Jedi: Fallen Order is widely considered one of the best Star Wars games ever made, but it still falls victim to many of the tired tropes of the franchise. A former Respawn developer has revealed, via Twitter, that the team originally wanted the protagonist of Jedi: Fallen Order to be black and/or a woman. That idea was apparently quickly shot down at the studio, and the cis-gendered white male Cal Kestis was created as the player character. This revelation highlights a depressing trend that continues to wrack both video games and the Star Wars series in general — and one that quickly needs to change.
According to Nora Shramek, a former lighting artist at Respawn, the proposal for a black or female protagonist was shot down for a couple of different reasons. “We already have 2 black people in the game. Rey is a woman & we can't do that too,” writes Shramek. Past that, Shramek also described an alleged experience of racist commentary, with an undisclosed persona saying, “I think all the black people need to have more glossy skin because black people have more oily skin than other people.”
All of this is troubling, to say the least, but it’s not new for the Star Wars series. Consider how the sequel trilogy totally squandered Finn.
Even the character’s actor, John Boyega, has criticized Disney, saying that the company had no idea what to do with Finn. “What I would say to Disney is do not bring out a Black character, market them to be much more important in the franchise than they are, and then have them pushed to the side,” said Boyega. “It’s not good. I’ll say it straight up.” Finn wielded a lightsaber in The Force Awakens, which was included in much of the film’s marketing material. And yet he wasn’t confirmed as Force Sensitive until late in Rise of Skywalker — when it was narratively meaningless.
Boyega’s thoughts are indicative of not only Star Wars but pop culture at large, which still has an overwhelming focus on white male heroes. Star Wars has even received criticism over the lack of diversity in its creators. A 2018 Variety report calculated that 96 percent of its film universe writers and directors were white men.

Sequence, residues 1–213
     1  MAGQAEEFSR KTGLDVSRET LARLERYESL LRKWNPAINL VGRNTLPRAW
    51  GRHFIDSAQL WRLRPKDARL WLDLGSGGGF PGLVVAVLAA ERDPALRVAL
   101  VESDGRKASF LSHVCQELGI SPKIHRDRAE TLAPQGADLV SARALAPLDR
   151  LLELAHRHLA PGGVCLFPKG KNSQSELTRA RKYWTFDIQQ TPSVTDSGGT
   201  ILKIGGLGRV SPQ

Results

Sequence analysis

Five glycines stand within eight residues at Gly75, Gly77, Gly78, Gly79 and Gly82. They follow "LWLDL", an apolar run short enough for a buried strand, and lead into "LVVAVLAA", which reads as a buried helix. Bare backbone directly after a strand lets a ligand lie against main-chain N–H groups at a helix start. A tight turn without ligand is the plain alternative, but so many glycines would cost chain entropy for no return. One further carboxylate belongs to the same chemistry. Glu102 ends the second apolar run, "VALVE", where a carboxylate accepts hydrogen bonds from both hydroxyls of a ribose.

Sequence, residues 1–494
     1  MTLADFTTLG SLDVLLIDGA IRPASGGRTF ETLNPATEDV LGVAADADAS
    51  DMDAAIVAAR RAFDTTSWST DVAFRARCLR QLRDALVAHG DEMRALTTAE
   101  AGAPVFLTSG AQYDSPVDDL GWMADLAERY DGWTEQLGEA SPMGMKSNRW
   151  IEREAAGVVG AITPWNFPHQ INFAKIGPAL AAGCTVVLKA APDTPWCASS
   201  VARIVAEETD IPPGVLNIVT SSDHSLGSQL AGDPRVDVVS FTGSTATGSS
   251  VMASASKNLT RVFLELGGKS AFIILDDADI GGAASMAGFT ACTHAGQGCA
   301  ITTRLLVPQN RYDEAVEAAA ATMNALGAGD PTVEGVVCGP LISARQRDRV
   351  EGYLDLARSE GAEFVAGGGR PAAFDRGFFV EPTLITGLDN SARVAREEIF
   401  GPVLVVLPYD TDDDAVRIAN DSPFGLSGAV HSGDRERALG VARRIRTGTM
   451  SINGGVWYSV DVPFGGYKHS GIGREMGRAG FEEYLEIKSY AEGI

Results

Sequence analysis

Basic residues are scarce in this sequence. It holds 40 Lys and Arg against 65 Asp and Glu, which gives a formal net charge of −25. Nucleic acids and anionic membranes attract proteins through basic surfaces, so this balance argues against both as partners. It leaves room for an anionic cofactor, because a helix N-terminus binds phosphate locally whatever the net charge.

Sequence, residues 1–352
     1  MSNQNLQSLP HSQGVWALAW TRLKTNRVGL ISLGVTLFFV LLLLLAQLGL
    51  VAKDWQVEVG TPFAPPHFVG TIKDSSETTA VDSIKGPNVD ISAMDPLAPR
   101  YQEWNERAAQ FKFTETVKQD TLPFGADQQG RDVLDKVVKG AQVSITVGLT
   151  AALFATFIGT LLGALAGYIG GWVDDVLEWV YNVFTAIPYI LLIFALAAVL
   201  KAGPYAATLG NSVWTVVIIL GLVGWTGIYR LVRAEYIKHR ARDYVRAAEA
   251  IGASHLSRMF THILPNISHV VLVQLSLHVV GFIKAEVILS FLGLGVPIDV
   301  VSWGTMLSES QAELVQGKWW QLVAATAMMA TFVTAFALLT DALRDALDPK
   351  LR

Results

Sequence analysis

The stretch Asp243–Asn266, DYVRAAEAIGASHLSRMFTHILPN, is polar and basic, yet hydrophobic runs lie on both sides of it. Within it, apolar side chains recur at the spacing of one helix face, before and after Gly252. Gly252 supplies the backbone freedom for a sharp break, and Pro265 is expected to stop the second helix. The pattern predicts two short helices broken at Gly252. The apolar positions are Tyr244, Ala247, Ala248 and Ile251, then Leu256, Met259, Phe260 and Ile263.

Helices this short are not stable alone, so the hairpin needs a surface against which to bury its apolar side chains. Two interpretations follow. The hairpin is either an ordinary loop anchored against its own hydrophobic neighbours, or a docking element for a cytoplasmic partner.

Jedi: Fallen Order falls right in the middle of all of this, as one of the major criticisms of the game was how generic and bland Cal Kestis feels as a character. Even worse, the two women of color characters are relegated to a disgraced mentor and a villain. At face value, there’s nothing wrong with these characters, but in light of Shramek’s story, it certainly looks worse. Instead of doing something new and interesting in terms of a hero, Jedi: Fallen Order upholds a bland status quo.
While video games are making small strides in diversity, it still feels like you see dozens of white heroes for anyone of different ethnicity. Nathan Drake, Commander Shepard, Ethan Winters, the list goes on and on. Cal Kestis is especially frustrating when other creators are trying to make Star Wars much more inclusive and diverse. The High Republic setting has put a focus on introducing heroes of color and LGBTQ characters, even introducing the first non-binary Jedi.
With a sequel to Jedi: Fallen Order reportedly in the works, it could be a chance to introduce more meaningful diversity, new playable characters, or any other number of additions. There's a lot of change that needs to happen in the gaming industry, not the least of which is the diversity of characters and experiences in AAA gaming.